Tamgha-i-Shujaat has been announced by state that keeps surrendering to mobs

Author: Saba Yousaf

I’m not going to start by saying how sorry I feel neither am I going to use terms like “should have,” “could have,” or “would have”, because there’s already a ton of debate on all the ‘would haves,’ ‘could haves’ and ‘should haves’.

Priyantha Kumara’s transgression was removing a TLP sticker from industrial machinery before an international client visit. He also happened to be strict in official matters. Some say he was killed because of a quarrel he had with factory workers which provoked them to get rid of him. Reminds me of a similar incident where a bank guard killed his manager over work dispute and afterwards claimed the manager was a blasphemer.

What surprises me the most is how simple it is to accuse someone of blasphemy, and how sensitive a subject it is to have no tangible evidence that it was committed. Even the officials have to use terms like ‘vigilante’ and ‘extrajudicial’ before condemning since magnitude of the problem is that big in an extremist society like ours where after defending an alleged blasphemer, there’s no way you can clear your name and are highly likely to get killed the way we saw happening in Salman Taseer’s case.

This is not the first time out honorable Prime Minister condemned murder, not the first time our Chief Minister ordered inquiry, not first time for people to trend murdered name on social media, not first time for random vows from Ministers, not first time for people to protest at Liberty round-about, not first time for authorities to shift blames, not first time for ‘Islam doesn’t preach violence’, not first time for celebrities to come out for support, and definitely not first time for a common man to ask for justice.

But what happens next? Were we successful in providing justice to Mashal Khan? And those two teenage brothers who were lynched to death in Sialkot, what happened to them? Did their family get justice? This wasn’t Pakistan’s first lynching case and definitely won’t be the last. There’s more to come amid lynching gaining popularity in the region especially when people now know that the authorities don’t really know how to deal with angry mobs.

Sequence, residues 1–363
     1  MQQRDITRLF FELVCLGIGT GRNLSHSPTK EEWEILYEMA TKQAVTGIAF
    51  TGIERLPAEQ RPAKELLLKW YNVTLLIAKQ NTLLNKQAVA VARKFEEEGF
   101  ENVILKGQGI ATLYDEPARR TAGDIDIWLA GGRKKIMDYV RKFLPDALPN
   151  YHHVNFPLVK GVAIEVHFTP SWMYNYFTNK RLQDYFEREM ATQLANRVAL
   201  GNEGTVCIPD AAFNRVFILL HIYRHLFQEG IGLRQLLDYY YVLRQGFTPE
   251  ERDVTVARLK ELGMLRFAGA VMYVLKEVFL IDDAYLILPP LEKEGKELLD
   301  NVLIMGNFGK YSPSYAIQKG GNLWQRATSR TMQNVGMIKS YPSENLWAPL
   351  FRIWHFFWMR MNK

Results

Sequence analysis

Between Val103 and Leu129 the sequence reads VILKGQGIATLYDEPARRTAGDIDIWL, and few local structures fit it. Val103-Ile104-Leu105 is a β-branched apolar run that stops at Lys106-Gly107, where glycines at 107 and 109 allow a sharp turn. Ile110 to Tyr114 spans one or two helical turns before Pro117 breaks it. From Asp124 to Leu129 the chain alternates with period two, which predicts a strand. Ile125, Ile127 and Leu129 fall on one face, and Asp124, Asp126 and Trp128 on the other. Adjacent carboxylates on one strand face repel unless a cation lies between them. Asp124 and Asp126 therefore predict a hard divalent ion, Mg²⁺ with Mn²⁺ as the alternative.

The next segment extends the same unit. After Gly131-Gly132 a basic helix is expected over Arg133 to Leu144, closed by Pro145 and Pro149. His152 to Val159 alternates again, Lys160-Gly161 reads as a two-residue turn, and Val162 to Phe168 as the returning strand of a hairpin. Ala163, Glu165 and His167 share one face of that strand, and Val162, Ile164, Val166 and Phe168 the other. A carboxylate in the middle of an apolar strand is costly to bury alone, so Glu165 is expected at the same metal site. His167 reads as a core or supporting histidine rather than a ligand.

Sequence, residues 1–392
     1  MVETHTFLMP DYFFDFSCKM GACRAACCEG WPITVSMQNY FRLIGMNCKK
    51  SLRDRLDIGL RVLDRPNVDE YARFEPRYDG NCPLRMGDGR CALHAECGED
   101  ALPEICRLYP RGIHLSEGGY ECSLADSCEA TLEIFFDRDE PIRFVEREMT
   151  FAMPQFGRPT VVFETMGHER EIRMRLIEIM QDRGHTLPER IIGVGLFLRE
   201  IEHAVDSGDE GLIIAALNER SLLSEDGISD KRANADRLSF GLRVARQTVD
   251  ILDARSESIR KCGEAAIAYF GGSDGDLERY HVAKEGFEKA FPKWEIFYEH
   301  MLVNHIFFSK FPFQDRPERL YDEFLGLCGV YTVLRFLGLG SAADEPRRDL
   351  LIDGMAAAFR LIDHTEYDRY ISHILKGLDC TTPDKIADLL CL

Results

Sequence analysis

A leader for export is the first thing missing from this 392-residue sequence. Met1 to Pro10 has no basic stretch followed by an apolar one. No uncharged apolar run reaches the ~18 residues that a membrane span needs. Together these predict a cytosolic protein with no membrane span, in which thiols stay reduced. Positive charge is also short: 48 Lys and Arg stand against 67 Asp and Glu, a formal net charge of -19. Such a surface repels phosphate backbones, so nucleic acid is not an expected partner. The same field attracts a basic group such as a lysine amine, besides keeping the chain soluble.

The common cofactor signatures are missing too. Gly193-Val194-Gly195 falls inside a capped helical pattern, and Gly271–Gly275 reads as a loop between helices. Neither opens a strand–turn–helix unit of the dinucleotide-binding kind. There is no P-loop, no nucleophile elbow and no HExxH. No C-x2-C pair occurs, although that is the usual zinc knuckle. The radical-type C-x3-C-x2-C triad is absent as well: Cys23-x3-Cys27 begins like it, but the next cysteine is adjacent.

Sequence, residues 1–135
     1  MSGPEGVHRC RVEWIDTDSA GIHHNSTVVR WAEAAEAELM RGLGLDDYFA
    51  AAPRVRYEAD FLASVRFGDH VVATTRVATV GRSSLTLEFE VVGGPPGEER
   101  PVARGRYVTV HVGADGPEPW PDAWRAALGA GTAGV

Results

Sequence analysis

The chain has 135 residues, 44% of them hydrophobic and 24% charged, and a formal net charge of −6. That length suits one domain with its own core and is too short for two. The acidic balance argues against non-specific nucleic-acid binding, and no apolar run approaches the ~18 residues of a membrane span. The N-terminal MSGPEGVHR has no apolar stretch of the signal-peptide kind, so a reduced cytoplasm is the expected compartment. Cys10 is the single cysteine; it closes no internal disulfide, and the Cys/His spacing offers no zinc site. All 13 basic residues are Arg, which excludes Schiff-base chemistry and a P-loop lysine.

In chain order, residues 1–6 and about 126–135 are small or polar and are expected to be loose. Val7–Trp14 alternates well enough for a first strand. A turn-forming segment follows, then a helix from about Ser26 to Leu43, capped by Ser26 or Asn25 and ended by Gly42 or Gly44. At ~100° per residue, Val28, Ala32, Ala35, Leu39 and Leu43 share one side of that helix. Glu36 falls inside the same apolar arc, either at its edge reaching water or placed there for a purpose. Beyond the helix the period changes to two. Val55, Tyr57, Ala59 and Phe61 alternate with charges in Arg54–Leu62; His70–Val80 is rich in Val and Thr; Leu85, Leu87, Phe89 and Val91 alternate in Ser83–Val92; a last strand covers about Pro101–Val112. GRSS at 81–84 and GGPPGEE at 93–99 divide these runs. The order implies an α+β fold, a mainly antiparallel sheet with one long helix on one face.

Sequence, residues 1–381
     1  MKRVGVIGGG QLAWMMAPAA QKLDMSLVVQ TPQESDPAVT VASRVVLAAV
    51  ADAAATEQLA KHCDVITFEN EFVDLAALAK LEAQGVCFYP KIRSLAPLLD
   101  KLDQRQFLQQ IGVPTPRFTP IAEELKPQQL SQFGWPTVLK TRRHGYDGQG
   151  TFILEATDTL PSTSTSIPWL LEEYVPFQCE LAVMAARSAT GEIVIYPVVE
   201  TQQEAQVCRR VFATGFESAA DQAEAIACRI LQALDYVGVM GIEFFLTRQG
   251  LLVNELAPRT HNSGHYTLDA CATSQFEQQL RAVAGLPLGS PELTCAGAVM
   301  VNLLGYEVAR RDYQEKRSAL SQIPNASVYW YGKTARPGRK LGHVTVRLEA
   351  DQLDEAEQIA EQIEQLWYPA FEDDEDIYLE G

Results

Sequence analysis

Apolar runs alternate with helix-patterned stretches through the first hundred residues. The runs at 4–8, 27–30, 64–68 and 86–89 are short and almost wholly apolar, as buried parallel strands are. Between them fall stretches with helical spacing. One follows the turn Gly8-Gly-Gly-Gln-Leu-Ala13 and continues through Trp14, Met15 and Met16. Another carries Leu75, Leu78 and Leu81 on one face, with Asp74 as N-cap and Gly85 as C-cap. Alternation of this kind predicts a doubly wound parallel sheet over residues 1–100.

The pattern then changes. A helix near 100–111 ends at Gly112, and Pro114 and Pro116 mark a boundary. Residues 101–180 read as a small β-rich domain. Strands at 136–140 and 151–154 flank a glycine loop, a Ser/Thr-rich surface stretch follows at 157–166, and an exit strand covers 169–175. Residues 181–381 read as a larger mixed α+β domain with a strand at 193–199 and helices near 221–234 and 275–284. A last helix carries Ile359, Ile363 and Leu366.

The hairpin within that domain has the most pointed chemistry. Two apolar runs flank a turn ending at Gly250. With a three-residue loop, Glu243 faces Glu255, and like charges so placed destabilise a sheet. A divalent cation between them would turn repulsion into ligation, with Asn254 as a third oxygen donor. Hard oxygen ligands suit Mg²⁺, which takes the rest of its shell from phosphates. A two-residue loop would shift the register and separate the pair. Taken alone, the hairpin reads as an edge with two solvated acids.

Lynching, according to the dictionary is a form of violence in which a mob executes a supposed wrongdoer under the guise of administering justice without a trial, sometimes after torturing and mutilating the victim, a self-constituted court that sentences someone without due process of law. Doesn’t that speak volumes on how impatient we are as a nation, how egocentric we are and our police don’t know how to deal with it and our judiciary doesn’t know who to blame for a collective murder. They arrest hundreds of people and when the news dies down, they are all out roaming like heroes among you and I. Is a collective murder any less of a murder because there are more people to blame? And there’s not one person to blame.

“Is collective murder any less of a murder

because there are more people to blame?”

As per the initial investigations, out of 124 suspects, 19 accused played a primary role in the murder, police booked at least 800 people under Anti-Terrorism Act for involvement in the lynching. The mob also wanted to kill the owner and set the factory on fire, however, somehow was miraculously controlled by the police.

Malik Adnan, colleague of Priyantha can be seen trying to shield him with his own body, protect him but what could one person, dealing with hundreds, possibly do? His astounding courage in doing the bare minimum seems enormous given his circumstance. At least he tried and now he is getting tamgha-i-shujaat for his exceptional bravery. He could have gotten killed too, easily.

I’ll wrap up by saying a famous quote by Nadeem Aslam that reads, “Pakistan produces people of extraordinary bravery. But no nation should ever require its citizens to be that brave”.

I read it somewhere and i couldn’t agree more that medals have been announced by the federal and provincial government for Priyantha’s colleague for his astonishing courage by a state that surrendered to the mob just last month.

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